Why have we been making changes to the GigaOm Key Criteria and Radar reports?
We are committed to a rigorous, defensible, consistent, coherent framework for assessing and evaluating enterprise technology solutions and vendors. The scoring and framework changes we’ve made are directed toward this effort to make our assessments verifiable, ground them in agreed concepts, and ensure that scoring is articulated, inspectable, and repeatable.
This adjustment is designed to make our evaluations more consistent and coherent, which makes it easier for vendors to participate in research and results in clearer reports for end-user subscribers.
What are the key changes to scoring?
The biggest change is to the feature and criteria scoring in the tables of GigaOm Radar reports. Scoring elements are weighted as they have been in the past, but we do so in a more consistent and standardized fashion between reports. The goal is to focus our assessment scope on the specific key features, emerging features, and business criteria identified as decision drivers by our analysts.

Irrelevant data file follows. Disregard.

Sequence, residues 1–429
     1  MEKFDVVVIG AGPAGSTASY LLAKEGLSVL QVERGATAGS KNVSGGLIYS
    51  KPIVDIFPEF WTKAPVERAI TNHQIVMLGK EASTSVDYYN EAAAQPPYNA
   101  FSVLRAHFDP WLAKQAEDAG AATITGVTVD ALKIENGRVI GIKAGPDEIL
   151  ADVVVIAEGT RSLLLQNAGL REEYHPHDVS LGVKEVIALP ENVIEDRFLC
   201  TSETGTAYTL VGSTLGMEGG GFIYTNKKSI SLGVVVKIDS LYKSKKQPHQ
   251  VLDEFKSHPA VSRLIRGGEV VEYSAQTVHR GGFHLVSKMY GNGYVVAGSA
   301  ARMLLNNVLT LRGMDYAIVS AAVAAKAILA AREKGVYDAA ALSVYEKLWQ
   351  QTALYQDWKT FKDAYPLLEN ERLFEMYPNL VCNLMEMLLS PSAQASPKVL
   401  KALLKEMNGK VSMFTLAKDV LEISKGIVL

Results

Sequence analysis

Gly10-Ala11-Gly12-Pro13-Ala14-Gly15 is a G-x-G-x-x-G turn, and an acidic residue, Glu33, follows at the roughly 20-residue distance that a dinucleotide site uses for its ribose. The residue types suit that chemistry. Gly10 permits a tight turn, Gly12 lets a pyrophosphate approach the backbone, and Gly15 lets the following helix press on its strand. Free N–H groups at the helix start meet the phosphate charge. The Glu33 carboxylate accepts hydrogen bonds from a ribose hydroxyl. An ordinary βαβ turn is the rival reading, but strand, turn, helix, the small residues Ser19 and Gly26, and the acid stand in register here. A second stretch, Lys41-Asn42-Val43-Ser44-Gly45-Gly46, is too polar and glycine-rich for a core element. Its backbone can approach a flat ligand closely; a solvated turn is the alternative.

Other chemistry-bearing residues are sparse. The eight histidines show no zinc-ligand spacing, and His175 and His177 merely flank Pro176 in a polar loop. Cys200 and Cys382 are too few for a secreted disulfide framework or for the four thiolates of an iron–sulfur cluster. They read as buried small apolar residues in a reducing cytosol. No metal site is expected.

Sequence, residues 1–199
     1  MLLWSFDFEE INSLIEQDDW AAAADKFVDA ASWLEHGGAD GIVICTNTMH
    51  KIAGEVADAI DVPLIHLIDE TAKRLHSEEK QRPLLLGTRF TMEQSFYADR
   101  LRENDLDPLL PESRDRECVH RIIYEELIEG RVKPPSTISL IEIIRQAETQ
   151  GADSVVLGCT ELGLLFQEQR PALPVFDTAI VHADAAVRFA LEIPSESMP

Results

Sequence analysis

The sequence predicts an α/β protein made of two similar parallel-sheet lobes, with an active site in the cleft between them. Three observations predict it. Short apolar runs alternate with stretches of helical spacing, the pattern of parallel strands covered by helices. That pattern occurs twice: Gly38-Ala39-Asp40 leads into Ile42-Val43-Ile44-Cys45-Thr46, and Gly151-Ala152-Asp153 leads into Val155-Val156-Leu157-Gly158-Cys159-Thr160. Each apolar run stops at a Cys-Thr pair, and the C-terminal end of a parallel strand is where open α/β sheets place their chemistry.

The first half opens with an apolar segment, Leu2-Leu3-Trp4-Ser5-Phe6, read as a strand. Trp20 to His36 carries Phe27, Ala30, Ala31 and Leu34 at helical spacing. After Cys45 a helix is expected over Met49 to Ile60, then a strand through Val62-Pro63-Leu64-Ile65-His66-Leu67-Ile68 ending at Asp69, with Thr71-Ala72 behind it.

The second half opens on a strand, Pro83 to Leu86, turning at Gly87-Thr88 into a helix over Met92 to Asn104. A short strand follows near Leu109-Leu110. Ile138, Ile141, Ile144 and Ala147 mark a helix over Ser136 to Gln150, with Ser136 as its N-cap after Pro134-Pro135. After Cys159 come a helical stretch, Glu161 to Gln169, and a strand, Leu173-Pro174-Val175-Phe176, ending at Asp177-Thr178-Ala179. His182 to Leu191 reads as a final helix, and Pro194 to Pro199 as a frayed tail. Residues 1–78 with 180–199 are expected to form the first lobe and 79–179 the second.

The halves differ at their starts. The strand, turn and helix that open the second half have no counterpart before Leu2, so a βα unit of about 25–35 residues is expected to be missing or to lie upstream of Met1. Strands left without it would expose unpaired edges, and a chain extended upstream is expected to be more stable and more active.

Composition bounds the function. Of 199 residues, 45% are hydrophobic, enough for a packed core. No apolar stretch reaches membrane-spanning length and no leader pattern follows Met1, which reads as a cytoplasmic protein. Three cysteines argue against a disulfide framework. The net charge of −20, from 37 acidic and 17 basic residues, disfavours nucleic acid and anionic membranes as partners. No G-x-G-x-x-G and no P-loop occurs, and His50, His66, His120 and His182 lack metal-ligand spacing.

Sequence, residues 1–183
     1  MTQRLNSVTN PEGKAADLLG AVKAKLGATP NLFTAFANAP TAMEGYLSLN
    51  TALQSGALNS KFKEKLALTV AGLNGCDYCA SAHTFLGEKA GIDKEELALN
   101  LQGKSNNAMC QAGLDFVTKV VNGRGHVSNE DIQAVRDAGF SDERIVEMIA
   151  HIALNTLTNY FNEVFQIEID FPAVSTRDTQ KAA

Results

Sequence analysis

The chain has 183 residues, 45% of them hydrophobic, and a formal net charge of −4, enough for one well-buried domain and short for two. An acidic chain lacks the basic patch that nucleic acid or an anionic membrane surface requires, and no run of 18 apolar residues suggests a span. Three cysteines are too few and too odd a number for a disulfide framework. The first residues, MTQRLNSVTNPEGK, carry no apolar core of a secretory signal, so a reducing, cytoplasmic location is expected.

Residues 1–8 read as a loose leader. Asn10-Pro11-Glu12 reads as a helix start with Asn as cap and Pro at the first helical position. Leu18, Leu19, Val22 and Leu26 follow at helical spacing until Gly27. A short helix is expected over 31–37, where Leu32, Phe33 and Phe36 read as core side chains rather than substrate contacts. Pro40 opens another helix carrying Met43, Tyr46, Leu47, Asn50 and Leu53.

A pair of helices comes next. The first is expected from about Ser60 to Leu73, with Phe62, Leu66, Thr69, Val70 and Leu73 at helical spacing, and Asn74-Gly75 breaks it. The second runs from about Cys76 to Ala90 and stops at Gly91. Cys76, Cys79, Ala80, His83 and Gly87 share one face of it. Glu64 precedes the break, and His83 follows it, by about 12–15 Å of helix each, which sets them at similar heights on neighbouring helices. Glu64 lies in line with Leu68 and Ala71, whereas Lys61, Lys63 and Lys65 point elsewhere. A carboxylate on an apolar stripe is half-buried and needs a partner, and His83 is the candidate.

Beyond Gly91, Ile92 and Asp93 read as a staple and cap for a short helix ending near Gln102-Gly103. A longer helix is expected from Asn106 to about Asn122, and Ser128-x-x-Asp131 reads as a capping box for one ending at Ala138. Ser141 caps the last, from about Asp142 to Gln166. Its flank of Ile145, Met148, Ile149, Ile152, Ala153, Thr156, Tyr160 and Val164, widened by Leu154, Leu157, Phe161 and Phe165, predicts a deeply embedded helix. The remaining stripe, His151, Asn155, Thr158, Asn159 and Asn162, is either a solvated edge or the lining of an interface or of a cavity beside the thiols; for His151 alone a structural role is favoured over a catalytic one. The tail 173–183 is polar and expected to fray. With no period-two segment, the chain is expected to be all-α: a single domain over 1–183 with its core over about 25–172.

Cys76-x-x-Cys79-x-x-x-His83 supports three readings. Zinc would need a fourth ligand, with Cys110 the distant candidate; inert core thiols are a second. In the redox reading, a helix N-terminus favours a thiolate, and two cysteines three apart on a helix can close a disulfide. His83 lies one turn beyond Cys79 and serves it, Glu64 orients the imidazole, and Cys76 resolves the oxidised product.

Scoring of these features and criteria determines the plotted distance from the center for vendors in the Radar chart. We are extending our scoring range from a four-point system (0, 1, 2, or 3) to a six-point scoring system (0 through 5). This enables us to recognize truly exceptional products against those that are just very good. It affords us greater nuance in scoring and better informs the positioning of vendors on the Radar chart.
Determining vendor position along the arc of the Radar chart has been refined as well. Analysts previously were asked to determine where they believed solutions should be positioned on the radar—first, to determine if they should occupy the upper (Maturity) or lower (Innovation) hemisphere, then to identify position left-to-right, from Feature Play to Platform Play. Similar to how we’ve extended our feature and criteria scoring, the scheme for determining quadrant position is now more granular and grounded. Analysts must think about each aspect individually—Innovation, Maturity, Feature Play, Platform Play—and score each vendor solution’s alignment accordingly.